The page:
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I'm editing the original question because we're all focusing on SHOULD you ever want to do this. My question is simply CAN I do this and HOW (understanding that there may be several solutions). So I'm just going to leave the actual question and cut out the background.

Suppose I have a base class and a child class. Is there anything I can do in the base class to prevent __init__ from being called on the child class - or at least throw an exception or even log if __init__ exists or is called on the child class? I do want the __init__ method to be called on the parent class.

Edit/Conclusion - After exploring the options presented in the answers, I decided that doing this would be bad style. I will solve my problem a different way. Nonetheless, hopefully the answers below are helpful in case someone else wants to do this.

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Add a comment: "Do not override the __init__ method". Trust your users. Also, smart users would know how to use super –  JBernardo Feb 8 '12 at 3:19
I don't see the need to f*** with __init__, the class can simply keep track of whether state_entry() has been invoked and refuse to do anything until then. –  wim Feb 8 '12 at 3:21
These are helpful suggestions but I'm curious if this can be technically done. Whether or not I should or need to do it is a separate discussion :) –  Matthew Lund Feb 8 '12 at 3:27
@MatthewLund Since Python is very open with its internals anything could potentially be done. So the answer is yes it can be done. Answering HOW to do that would be a waste of time for most of us. But feel free to open that separate discussion. –  Keith Feb 8 '12 at 3:31
I think I made it pretty clear in the post that the HOW is what I'm asking. I often feel damned-if-I-do and damned-if-I-don't in terms of providing background... If I simply post the actual question everyone says "give us background, we need to know why you want to do this". If I do give background everyone just acknowledges it can be done (without mentioning the HOW) and debates whether it should be done. I'm all for debating the should be sometimes I just what to know CAN it be done and HOW. Once I have that information I'm in a better position to answer SHOULD for myself :) –  Matthew Lund Feb 8 '12 at 3:35
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2 Answers

up vote 8 down vote accepted

That's quite doable, but I don't think you should. Tell the users how to use your class and they should obey. Also, if someone is subclassing he should know how to call the parent's initialization method.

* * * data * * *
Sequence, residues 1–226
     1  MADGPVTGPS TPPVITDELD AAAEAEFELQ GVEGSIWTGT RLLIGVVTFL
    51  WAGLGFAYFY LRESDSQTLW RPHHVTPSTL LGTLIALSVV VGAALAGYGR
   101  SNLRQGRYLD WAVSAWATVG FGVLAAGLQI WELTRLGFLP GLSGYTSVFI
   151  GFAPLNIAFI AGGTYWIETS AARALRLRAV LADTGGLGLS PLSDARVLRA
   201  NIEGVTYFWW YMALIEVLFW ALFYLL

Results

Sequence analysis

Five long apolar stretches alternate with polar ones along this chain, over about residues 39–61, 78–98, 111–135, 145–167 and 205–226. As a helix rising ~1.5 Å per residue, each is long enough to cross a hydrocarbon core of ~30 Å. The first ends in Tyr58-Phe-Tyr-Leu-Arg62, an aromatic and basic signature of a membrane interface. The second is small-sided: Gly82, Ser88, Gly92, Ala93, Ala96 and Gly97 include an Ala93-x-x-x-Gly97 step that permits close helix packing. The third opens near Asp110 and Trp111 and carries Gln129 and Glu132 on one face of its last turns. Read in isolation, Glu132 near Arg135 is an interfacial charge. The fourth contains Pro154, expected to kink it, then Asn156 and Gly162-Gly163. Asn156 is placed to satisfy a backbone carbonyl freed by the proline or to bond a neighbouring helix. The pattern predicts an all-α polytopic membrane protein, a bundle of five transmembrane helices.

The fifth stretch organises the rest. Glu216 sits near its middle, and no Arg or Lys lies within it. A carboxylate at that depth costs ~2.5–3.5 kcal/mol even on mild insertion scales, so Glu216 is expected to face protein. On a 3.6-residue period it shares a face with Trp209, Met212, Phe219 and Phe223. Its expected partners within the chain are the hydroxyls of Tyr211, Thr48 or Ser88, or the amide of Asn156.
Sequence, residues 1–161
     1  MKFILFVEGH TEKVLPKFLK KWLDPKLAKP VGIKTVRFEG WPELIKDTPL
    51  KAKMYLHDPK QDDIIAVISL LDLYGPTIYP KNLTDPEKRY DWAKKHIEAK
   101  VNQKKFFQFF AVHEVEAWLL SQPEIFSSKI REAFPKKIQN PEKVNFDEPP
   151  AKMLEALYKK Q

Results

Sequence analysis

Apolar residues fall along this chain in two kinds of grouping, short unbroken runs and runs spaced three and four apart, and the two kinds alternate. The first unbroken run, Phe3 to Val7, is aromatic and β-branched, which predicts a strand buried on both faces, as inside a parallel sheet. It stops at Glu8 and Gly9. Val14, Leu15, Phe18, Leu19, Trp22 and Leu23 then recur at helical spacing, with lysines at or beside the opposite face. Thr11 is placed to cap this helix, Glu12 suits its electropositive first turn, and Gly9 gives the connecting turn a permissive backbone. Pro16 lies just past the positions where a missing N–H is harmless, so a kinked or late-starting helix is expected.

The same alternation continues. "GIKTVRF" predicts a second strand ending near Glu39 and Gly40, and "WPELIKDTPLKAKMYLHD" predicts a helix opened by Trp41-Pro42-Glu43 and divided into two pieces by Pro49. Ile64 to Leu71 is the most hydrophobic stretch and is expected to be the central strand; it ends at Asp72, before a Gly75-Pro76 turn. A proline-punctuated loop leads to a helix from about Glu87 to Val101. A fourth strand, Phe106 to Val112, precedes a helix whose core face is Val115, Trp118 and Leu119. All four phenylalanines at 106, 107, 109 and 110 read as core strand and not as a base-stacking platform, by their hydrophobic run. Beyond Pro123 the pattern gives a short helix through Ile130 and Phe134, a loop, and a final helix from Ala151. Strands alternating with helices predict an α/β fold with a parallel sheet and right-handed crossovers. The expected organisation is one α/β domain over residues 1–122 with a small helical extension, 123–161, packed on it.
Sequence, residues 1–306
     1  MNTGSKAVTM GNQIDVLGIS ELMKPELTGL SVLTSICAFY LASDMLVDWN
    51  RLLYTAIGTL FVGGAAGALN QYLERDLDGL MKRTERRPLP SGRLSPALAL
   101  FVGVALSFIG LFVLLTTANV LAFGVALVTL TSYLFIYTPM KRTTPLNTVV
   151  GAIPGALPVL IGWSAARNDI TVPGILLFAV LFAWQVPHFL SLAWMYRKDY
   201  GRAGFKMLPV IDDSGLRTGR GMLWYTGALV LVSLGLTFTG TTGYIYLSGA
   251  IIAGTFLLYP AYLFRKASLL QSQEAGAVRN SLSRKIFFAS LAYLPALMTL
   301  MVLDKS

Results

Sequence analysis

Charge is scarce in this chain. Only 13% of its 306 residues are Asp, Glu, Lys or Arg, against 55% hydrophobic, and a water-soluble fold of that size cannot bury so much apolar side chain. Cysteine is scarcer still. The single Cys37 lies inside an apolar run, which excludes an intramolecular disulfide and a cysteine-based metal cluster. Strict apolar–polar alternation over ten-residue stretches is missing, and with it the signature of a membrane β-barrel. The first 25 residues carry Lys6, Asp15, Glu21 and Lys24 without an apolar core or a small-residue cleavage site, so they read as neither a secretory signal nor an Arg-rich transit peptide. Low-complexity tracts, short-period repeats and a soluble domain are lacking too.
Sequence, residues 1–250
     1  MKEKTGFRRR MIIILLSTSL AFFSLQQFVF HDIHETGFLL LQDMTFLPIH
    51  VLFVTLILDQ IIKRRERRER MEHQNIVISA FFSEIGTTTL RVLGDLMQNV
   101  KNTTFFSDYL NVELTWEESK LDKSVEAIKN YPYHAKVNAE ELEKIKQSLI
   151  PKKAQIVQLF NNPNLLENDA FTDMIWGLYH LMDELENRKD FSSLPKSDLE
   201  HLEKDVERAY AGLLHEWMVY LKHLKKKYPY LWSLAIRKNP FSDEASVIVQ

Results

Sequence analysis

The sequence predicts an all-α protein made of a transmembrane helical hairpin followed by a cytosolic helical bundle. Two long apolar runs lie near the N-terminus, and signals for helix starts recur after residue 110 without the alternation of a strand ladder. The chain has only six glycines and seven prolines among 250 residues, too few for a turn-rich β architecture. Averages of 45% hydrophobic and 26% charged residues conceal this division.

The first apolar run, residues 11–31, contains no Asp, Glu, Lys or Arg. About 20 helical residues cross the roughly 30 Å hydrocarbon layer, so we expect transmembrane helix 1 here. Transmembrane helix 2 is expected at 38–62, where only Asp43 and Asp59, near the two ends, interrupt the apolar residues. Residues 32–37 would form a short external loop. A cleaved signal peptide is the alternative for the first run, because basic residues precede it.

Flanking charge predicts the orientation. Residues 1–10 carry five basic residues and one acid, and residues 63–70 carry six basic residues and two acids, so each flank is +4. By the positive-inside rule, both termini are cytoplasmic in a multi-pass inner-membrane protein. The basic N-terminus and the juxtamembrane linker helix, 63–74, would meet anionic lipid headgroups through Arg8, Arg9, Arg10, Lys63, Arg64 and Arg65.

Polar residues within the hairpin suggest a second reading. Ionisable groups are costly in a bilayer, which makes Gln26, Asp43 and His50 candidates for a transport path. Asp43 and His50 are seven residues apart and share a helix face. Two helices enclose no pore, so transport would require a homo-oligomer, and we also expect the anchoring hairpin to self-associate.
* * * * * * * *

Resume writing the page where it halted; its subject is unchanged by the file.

As a proof of concept, here's how it can be done with metaclasses (Python 2.x syntax):

>>> class WhoMovedMyInit(object):
        class __metaclass__(type):
            def __init__(self, *args, **kw):
                super(type,self).__init__(*args, **kw)
                if self.__init__ is not WhoMovedMyInit.__init__:
                    raise Exception('Dude, I told not to override my __init__')

>>> class IAmOk(WhoMovedMyInit):

>>> class Lol(WhoMovedMyInit):
        def __init__(self):

Traceback (most recent call last):
  File "<pyshell#35>", line 1, in <module>
    class Lol(WhoMovedMyInit):
  File "<pyshell#31>", line 6, in __init__
    raise Exception('Dude, I told not to override my __init__')
Exception: Dude, I told not to override my __init__

You can also replace the subclass __init__ method to one which warns the user or raises an error on "runtime".

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+1 because of the exception message. :) –  Arafangion Feb 8 '12 at 3:54
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" Whether or not I should or need to do it is a separate discussion :)"

Please, keep that in mind.

But it can be done - when a class is instantiated, not only the syntax is just like a method call - with the class object name followed y a parenthesis - the class itself (which is a Python object), is called - as a callable object.

Calling an object in Python invokes the __call__ magic method in its class. Therefore, instantiating a class, invokes the __call__ method on its metaclass.

What is inside this __call__ method in the standard metaclass (which is "type") is equivalent to:

def __call__(cls, *args, **kw):
    self = cls.__new__(cls, *args, **kw)
    cls.__init__(self, *args, **kw)
    return self

So, if you write a metaclass, overriding __call__ and suppress the call to __init__ in these, it won't be called at all:

class Meta(type):
    def __call__(cls, *args, **kw):
        return cls.__new__(cls, *args, **kw)

class NoInit(object):
    __metaclass__ = Meta
    def __init__(self):
        print "Hello!"


If you want just to avoid that sublcasses have __init__ instead of not calling it, you can do a much simpler metaclass that would just raise an exception at class instantiation time:

class Meta(type):
    def __new__(metacls, name, bases, dct):
         if "__init__" in dct:
              raise NameError("Classes in this hierarchy should not have an __init__ method")
         return type.__new__(metacls, name, bases, dct)
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